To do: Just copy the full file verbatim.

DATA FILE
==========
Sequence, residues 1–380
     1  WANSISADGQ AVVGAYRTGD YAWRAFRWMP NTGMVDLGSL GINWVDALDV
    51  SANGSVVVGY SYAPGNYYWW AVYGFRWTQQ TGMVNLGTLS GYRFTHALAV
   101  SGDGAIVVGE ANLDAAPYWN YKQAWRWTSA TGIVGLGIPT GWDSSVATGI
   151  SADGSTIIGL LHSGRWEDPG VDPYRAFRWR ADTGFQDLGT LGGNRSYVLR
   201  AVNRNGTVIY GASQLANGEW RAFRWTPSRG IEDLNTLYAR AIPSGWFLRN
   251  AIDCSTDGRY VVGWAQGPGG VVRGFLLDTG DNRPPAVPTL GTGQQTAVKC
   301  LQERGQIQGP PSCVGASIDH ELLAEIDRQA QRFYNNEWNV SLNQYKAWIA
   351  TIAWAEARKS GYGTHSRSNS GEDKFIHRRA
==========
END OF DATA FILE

Sequence, residues 1–380
     1  WANSISADGQ AVVGAYRTGD YAWRAFRWMP NTGMVDLGSL GINWVDALDV
    51  SANGSVVVGY SYAPGNYYWW AVYGFRWTQQ TGMVNLGTLS GYRFTHALAV
   101  SGDGAIVVGE ANLDAAPYWN YKQAWRWTSA TGIVGLGIPT GWDSSVATGI
   151  SADGSTIIGL LHSGRWEDPG VDPYRAFRWR ADTGFQDLGT LGGNRSYVLR
   201  AVNRNGTVIY GASQLANGEW RAFRWTPSRG IEDLNTLYAR AIPSGWFLRN
   251  AIDCSTDGRY VVGWAQGPGG VVRGFLLDTG DNRPPAVPTL GTGQQTAVKC
   301  LQERGQIQGP PSCVGASIDH ELLAEIDRQA QRFYNNEWNV SLNQYKAWIA
   351  TIAWAEARKS GYGTHSRSNS GEDKFIHRRA